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small ascii files can be sparse

From: Martin Carroll
Subject: small ascii files can be sparse
Date: Fri, 27 Jul 2012 10:36:38 -0400
User-agent: Mozilla/5.0 (X11; Linux i686; rv:13.0) Gecko/20120717 Thunderbird/13.0

Hi all,

The recent "sparse files are now considered binary" patch
produces false positives with files stored on certain NFS servers.  The
patch, to refresh your memory, treats any file with holes as containing
binary data.  However, some NFS (version 3) servers report holes for
all files with fewer than 65 bytes.  This behavior results in the following
incorrect behavior (for example) from grep:

    % echo 'x' >foo ; grep x foo
    Binary file foo matches

More on NFS: Certain NFS V3 servers, when sent a GETATTR request
for a regular file of length less than 65 bytes, return a GETATTR
reply whose "size" field is the actual length of the file and "used"
field is *zero* bytes.  In other words, the server reports that small
files occupy no space on the server.    

Here is what the NFS V3 spec (https://tools.ietf.org/rfc/rfc1813.txt)
says for the "used" field (page 22):

    Used is the number of bytes of disk space that the file actually
    uses (which can be smaller than the size because the file may have
    holes or it may be larger due to fragmentation).

Now, we all know that a value of

    used < size

is intended for binary files containing lots of nuls; it was *not*
intended for small ascii files.  However, regardless of intention,
a "used" value of 0 for small ascii files is technically within spec,
as far as I can tell.  We might not like this behavior, and we might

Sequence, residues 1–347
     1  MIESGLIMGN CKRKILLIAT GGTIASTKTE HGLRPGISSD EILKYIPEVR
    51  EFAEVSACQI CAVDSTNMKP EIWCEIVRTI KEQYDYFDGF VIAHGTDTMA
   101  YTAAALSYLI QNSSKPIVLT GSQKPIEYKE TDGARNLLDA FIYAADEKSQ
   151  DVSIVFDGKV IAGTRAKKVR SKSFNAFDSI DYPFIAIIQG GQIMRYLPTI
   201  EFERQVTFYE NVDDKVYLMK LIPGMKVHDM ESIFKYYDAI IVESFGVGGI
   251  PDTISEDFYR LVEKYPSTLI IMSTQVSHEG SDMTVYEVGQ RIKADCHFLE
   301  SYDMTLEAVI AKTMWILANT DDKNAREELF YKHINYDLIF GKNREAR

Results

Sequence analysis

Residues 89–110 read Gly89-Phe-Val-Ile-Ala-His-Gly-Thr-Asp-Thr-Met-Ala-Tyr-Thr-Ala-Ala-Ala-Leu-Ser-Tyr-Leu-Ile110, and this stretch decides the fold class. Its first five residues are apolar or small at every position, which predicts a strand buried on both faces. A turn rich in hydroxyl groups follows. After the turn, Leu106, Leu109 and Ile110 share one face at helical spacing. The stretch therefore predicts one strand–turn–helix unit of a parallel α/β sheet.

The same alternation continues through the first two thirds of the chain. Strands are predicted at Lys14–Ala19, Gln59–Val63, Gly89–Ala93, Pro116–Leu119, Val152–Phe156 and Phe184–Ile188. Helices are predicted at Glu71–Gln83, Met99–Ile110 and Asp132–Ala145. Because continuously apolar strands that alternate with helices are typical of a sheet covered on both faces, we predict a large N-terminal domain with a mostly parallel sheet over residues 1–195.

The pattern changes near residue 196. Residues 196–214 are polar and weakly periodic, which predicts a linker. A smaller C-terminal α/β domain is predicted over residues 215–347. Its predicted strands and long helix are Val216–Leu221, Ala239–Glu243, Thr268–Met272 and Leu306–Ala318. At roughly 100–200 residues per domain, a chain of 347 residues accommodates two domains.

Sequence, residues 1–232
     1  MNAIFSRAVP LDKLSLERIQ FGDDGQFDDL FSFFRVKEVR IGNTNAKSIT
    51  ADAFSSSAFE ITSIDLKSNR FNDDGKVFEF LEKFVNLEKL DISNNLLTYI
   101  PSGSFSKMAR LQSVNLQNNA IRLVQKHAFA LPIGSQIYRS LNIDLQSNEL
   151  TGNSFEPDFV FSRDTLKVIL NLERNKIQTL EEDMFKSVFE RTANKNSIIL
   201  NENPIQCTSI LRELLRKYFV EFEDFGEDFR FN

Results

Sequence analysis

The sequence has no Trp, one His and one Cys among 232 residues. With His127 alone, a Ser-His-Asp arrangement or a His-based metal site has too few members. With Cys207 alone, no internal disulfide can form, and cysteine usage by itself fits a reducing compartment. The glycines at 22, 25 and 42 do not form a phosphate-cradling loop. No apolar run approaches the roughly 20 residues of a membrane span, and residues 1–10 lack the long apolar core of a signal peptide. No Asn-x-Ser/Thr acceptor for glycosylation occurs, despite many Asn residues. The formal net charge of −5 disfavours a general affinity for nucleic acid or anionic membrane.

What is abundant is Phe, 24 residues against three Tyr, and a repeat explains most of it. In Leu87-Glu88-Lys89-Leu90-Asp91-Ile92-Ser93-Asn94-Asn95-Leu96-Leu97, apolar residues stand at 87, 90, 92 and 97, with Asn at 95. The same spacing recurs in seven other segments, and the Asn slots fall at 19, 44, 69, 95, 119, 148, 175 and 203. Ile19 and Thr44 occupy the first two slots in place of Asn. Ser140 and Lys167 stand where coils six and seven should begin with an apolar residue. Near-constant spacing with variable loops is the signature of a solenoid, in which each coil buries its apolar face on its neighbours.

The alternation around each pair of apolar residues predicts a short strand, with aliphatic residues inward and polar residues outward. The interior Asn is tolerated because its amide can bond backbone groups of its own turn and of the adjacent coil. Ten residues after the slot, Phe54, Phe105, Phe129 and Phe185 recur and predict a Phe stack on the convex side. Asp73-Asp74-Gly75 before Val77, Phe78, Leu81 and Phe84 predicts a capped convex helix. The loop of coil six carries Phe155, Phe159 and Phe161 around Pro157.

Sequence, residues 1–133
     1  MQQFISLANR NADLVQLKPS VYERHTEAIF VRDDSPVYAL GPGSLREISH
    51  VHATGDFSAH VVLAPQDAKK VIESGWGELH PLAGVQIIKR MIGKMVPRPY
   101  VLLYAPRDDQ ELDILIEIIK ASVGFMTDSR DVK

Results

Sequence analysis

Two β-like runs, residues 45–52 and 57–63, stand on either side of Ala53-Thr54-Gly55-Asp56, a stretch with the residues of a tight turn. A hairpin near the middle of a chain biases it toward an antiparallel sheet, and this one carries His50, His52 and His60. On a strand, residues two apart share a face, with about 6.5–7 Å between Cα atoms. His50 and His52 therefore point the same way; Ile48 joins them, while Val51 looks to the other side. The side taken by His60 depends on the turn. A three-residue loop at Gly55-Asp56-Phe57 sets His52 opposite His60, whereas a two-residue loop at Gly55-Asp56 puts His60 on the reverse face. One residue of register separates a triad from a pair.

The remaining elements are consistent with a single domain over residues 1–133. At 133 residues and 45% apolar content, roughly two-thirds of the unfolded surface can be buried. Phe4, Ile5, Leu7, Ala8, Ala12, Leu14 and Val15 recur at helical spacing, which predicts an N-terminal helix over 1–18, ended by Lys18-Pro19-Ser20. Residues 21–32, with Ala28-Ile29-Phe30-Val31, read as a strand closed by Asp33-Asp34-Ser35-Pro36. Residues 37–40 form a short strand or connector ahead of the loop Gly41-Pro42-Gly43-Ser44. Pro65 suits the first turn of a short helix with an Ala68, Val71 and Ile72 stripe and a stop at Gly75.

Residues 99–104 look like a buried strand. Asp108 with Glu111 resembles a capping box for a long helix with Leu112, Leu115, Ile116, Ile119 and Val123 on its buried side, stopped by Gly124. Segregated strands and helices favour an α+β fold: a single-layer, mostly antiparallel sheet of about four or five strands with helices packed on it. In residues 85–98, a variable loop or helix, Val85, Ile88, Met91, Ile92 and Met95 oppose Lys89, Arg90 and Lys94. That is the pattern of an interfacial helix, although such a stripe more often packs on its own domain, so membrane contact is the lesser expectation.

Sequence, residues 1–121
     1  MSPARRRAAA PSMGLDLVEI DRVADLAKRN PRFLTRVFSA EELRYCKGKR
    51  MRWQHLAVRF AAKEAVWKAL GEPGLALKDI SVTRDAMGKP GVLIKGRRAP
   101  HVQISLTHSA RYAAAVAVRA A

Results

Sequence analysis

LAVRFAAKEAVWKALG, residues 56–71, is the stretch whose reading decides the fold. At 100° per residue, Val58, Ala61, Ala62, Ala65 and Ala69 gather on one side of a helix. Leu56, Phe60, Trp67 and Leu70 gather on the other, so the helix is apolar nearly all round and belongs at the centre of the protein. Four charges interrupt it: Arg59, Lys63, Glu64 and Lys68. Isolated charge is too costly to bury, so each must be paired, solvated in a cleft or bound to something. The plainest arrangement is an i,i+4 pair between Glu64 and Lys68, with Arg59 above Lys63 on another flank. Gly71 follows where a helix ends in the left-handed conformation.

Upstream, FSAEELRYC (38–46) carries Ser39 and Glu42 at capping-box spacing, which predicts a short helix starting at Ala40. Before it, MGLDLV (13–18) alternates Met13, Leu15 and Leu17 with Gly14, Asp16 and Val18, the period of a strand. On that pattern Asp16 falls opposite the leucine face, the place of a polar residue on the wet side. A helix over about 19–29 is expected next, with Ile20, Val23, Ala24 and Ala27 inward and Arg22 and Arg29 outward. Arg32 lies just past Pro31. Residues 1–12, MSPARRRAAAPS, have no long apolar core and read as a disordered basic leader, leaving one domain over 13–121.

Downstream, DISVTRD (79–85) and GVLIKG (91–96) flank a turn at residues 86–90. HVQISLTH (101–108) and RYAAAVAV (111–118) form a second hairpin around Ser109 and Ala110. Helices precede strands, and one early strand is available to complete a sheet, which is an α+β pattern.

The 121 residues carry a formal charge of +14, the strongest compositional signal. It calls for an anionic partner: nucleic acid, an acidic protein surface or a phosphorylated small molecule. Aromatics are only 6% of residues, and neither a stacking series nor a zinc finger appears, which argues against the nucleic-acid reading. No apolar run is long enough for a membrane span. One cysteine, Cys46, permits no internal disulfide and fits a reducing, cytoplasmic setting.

consider it an NFS bug, but the fact is that there are NFS servers
out there that behave this way (rightly or wrongly), and grep needs
to interoperate with them.

I am in the process of discussing this issue with the vendor of the
NFS servers to understand the precise conditions under which an NFS
server might report holes for ascii files.  That process might take
some time.  Meanwhile, the latest grep does not work on my system.
I propose that we fix this problem by adding a patch that ignores
holes in small files.  I am happy to send this patch, if you agree
that it the right thing to do.

Oh, and one more issue: On the same files that grep reports as binary,
file(1) reports as ascii:

    % echo 'x' >foo ; file foo
    foo: ASCII text

Now, a system in which one tool (grep) reports a file as binary and
another tool (file(1)) reports a file as ascii is inconsistent and leads
to issues (and bugs) when writing shell scripts. 

To make the system consistent, the "is it binary" logic should be factored
out and put into a separate package, which all tools use. 

The one objection I can see to doing such a refactoring of the upstream
packages is that some tools might really have different criteria for
a file should be considered binary.  Offhand, however, I am unable to think
of a good example, where "good" means "sufficiently good enough to
justify the pain that it would cause when writing shell scripts."  Note that
grep and file(1) are *not* a good example, because those two tools
ought to agree IMHO.

Martin Carroll

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